The average number of full-time equivalent staff for each of the state's health service areas was 10. Of the CHT staff, 42.5% were care coordinators, 39.2% were nurses and licensed counselors, 25.6% were administrative personnel, and 17% were social workers.


Vermont enacted payment reforms in 2013, including establishing a support infrastructure for primary care practices by requiring insurers to share the cost of CHTs, amounting to $1.50 per patient per month.

Funding for CHTs is proportional to the population they serve. Currently, this level is set at $350,000 per year for a general population of 20,000 served by the practice.


Support and Implementation

According to the Community Health Teams Issue Report, North Carolina Medicaid started a pilot CHT program (now functioning under CCNC). As part of the program, the state's largest Medicaid practices established networks to address the needs of local providers in exchange for additional per member per month payments. These networks were based in various settings, such as Federally Qualified Health Centers (FQHCs) or community hospitals, and formed community partnerships and nonprofit organizations for member Medicaid providers.

According to its Project Overview, CCNC is currently a public-private partnership sponsored by the North Carolina Department of Health and Human Services and the North Carolina Division of Medical Assistance. CCNC has 14 regional networks and includes health professionals, hospitals, health departments, social service agencies, and community organizations. According to CCNC, their networks serve over 1800 primary care practices (as of February 2015).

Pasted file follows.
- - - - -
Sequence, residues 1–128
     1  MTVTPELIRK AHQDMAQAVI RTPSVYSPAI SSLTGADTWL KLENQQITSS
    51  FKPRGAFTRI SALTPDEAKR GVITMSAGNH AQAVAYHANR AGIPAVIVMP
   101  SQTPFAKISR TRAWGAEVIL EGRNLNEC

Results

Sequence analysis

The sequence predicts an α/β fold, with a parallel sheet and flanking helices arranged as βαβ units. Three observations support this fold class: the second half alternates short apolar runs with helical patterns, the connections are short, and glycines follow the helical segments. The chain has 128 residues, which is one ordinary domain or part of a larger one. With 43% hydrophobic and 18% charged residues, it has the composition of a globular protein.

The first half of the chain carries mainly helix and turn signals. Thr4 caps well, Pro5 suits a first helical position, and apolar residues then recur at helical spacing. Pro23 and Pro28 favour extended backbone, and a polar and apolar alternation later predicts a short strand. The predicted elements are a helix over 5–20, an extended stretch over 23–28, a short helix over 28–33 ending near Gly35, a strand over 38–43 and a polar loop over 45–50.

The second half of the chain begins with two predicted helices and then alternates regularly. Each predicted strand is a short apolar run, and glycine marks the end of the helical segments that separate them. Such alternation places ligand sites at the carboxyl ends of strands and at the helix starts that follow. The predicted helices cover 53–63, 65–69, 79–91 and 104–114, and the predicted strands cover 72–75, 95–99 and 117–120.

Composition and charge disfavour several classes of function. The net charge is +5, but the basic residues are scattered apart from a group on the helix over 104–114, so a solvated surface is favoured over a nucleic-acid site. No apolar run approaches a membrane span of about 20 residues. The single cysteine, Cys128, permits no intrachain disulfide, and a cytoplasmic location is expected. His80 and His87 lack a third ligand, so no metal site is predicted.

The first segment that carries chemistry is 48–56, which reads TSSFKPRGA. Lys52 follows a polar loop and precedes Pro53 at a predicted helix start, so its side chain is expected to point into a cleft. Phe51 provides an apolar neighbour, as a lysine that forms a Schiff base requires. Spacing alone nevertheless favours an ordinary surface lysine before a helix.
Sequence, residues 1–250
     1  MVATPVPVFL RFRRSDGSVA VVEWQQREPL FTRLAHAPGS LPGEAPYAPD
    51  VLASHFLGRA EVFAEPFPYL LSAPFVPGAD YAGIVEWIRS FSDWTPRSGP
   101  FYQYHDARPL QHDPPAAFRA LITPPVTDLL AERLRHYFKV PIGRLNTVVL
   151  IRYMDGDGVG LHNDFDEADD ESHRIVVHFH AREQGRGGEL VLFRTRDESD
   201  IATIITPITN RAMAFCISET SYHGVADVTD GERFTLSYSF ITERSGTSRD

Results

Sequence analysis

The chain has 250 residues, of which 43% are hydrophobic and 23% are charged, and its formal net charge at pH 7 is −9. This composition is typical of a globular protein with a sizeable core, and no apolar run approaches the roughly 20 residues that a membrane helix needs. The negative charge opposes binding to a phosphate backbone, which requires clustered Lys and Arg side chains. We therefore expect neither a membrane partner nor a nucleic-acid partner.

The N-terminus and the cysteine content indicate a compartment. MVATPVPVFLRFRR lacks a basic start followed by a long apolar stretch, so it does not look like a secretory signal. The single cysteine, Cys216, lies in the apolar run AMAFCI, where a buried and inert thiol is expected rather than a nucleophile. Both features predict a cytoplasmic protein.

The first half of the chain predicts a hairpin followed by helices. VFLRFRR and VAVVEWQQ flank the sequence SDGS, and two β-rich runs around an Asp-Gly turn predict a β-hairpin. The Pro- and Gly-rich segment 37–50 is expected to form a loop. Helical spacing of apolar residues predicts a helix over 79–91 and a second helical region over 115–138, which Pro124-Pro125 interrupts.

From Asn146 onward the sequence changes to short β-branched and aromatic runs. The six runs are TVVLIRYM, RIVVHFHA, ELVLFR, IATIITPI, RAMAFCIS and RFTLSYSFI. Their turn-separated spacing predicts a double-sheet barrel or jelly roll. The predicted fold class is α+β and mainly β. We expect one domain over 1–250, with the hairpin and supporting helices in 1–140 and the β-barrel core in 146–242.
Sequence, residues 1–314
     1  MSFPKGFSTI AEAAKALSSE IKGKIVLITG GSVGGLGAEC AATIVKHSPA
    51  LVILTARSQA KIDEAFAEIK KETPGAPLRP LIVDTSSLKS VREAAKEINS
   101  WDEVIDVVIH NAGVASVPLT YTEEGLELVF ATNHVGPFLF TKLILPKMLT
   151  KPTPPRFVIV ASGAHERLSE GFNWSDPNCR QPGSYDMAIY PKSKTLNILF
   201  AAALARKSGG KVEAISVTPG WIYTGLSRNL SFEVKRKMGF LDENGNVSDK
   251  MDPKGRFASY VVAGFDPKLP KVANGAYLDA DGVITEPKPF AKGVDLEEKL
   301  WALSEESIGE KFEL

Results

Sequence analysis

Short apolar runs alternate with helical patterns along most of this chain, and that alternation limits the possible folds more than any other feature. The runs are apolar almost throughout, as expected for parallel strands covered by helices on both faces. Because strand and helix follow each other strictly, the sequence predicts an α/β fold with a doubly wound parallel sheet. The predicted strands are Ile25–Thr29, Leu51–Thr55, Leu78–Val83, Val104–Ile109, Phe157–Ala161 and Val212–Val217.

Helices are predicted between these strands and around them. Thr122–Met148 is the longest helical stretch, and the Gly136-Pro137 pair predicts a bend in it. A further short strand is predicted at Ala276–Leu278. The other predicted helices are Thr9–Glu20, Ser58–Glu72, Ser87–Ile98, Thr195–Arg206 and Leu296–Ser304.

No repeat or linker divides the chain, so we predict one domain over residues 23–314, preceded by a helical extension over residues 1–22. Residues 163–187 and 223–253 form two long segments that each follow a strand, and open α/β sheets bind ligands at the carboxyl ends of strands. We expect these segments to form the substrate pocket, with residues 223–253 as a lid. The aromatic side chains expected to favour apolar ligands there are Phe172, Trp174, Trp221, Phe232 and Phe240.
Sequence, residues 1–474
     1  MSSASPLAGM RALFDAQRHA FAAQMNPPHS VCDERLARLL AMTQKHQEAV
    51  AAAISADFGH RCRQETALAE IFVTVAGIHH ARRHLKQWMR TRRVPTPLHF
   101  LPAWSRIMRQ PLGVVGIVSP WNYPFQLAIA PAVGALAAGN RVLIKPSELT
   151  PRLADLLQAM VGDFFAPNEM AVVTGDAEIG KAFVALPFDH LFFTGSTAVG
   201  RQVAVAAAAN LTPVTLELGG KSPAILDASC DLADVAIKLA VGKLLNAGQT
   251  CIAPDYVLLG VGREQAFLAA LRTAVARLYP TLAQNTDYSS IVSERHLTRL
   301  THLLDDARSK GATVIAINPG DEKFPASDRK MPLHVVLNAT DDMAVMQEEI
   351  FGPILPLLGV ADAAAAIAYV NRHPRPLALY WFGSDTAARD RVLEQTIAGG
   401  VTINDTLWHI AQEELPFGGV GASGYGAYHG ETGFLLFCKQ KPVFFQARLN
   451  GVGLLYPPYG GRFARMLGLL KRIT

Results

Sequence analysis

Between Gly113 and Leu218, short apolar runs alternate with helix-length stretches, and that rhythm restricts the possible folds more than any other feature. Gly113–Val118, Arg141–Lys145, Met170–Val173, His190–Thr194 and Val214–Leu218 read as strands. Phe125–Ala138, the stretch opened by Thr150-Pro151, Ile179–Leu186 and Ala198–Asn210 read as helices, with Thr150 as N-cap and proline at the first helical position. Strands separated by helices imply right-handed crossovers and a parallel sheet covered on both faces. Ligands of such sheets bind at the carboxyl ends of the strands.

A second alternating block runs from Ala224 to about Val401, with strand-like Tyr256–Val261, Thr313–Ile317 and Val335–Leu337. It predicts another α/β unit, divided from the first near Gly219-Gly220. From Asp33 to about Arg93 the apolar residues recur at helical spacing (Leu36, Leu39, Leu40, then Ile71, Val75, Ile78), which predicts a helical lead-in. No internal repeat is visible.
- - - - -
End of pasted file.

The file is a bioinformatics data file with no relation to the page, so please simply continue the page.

North Carolina's CCNC Care Management is a set of interventions and activities that address the state's health care needs to promote high quality and cost effective care. CCNC care managers are based in each regional network and provide general population management services, medical home support, and direct care management.

Case managers target recipients and provide interventions tailored to the population. They work with the patient, his or her primary care provider, and family or caregiver to develop an individualized care plan. The care manager ensures that the care plan is implemented, continuously monitors progress, and adjusts the plan as necessary.

Case managers use Case Management Information System (CMIS), a web-based record system, to plan and evaluate patient care. CMIS contains standardized health assessments, screening tools, and disease management tools, among other features. Additional components of the CCNC care model include in-person meetings, medication management, patient education, and follow-up calls and contact.